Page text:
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Chest. 1990 Jan;97(1):52-7.

Management of chronic alveolar hypoventilation by nasal ventilation.

Author information

1
Department of Physical Medicine and Rehabilitation, University Hospital, Newark, NJ.

Abstract

This is a study of the effect of nocturnal nasal intermittent positive pressure ventilation (NIPPV) on symptoms of chronic alveolar hypoventilation (CAH), sleep oxygen saturation (SaO2), and frequency of hospitalization of patients with progressive neuromuscular respiratory insufficiency or restrictive lung disease from thoracic wall deformity. The nocturnal use of NIPPV is explored in combination with other noninvasive methods of supported ventilation for daytime support as alternatives to tracheostomy and long-term tracheostomy intermittent positive pressure ventilation (TIPPV). Sixteen patients with less than 400 ml of vital capacity (VC) supine and less than 15 minutes of autonomous respiration (free time) maintained a mean SaO2 of 95.9 +/- 2.6 percent (SD) during sleep on NIPPV without added oxygen. Seventeen other patients with adequate free time for a sleep trial unaided had an average SaO2 of 81.8 +/- 11.0 percent which improved to 94.1 +/- 3.4 percent on NIPPV alone. The average length of use of NIPPV by the 42 patients who have used it for one month or more is 21 (3-67) months. All 34 patients who were not dependent on ventilatory support 24 hours a day demonstrated significant improvement and in most cases normalization of ABG when off aid. Thirteen patients were converted from IPPV via an endotracheal tube or TIPPV to NIPPV. Long-term use of a custom molded thermoplastic nasal interface for the delivery of NIPPV is reported for 17 patients. Unnecessary morbidity and hospitalizations can be avoided by early awareness and appropriate management of CAH. NIPPV can be an effective alternative to TIPPV, body ventilators, or oxygen therapy.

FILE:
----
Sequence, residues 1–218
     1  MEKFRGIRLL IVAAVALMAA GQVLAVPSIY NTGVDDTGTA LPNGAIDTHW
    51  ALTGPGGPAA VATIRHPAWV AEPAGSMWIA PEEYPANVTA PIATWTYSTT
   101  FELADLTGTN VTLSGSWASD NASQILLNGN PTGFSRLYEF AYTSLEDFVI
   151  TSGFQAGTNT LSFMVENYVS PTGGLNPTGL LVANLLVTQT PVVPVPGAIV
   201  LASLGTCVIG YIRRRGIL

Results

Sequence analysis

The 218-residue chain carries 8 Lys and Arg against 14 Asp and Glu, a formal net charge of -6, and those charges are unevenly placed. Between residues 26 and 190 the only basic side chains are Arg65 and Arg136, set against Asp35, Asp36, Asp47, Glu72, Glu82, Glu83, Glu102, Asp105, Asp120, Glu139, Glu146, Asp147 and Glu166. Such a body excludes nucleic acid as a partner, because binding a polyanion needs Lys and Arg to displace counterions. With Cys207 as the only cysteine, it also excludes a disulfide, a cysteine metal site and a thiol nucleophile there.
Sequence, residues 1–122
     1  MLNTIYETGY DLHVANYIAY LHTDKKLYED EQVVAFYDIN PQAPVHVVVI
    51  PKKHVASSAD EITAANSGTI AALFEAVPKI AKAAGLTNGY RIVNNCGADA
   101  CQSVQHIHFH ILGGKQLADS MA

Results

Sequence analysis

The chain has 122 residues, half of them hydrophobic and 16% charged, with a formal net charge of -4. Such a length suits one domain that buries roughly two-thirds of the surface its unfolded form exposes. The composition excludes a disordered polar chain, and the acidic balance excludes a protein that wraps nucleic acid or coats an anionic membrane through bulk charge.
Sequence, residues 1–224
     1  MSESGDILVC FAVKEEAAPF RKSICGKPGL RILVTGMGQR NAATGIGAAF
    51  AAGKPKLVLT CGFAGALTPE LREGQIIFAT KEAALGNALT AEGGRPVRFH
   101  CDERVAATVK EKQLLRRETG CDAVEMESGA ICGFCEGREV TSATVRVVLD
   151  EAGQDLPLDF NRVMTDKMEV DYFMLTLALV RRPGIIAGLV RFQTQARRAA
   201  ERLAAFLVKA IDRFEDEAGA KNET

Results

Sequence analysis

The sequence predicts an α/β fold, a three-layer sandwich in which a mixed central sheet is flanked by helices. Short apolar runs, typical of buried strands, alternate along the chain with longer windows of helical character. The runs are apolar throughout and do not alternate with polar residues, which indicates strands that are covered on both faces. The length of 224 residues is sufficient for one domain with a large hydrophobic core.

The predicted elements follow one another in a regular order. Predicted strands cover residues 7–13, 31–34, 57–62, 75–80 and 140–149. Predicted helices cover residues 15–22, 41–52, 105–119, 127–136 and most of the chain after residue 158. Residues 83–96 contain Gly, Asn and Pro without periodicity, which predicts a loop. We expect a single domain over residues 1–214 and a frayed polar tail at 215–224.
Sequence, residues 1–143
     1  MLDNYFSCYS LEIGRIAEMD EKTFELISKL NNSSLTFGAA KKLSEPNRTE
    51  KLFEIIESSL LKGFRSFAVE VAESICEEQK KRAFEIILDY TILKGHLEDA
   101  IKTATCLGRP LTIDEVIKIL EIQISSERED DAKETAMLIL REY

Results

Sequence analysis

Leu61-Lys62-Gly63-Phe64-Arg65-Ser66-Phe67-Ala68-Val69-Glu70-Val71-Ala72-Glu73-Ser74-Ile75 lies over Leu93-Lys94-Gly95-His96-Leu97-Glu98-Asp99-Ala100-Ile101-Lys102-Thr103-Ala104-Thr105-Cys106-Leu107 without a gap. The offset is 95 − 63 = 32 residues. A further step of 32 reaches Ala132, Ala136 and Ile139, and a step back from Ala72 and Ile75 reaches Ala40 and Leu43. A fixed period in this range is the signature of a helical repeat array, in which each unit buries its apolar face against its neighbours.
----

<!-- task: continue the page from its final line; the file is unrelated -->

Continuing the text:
PMID:
2104793
DOI:
10.1378/chest.97.1.52
[Indexed for MEDLINE]

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